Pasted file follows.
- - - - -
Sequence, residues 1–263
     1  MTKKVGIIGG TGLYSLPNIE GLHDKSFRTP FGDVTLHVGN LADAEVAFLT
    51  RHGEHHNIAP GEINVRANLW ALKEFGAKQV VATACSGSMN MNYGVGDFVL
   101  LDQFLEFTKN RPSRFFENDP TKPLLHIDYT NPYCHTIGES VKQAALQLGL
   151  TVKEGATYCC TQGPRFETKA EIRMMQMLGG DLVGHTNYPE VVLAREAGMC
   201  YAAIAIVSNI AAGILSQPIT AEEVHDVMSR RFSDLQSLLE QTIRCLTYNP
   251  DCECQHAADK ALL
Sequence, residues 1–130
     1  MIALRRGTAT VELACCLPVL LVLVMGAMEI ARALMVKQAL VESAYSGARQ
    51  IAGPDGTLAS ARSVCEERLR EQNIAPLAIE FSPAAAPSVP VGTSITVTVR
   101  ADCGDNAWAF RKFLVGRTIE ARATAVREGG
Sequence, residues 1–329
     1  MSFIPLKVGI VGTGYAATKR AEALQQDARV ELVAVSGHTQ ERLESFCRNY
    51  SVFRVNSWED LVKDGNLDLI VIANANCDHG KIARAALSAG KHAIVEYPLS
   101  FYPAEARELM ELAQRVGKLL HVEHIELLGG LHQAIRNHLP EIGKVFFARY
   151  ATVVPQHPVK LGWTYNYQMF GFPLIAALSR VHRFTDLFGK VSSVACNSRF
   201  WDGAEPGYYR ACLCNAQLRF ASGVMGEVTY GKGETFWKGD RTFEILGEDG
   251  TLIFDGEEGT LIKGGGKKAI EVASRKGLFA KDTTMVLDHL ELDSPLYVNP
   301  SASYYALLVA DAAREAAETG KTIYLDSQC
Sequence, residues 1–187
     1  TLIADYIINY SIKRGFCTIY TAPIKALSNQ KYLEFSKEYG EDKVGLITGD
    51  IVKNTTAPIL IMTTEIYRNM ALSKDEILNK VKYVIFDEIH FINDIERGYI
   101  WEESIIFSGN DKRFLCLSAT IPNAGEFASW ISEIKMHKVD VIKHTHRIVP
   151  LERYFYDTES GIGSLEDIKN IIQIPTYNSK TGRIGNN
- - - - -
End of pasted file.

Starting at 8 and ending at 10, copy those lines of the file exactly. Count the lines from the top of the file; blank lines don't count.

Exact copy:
Sequence, residues 1–130
     1  MIALRRGTAT VELACCLPVL LVLVMGAMEI ARALMVKQAL VESAYSGARQ
    51  IAGPDGTLAS ARSVCEERLR EQNIAPLAIE FSPAAAPSVP VGTSITVTVR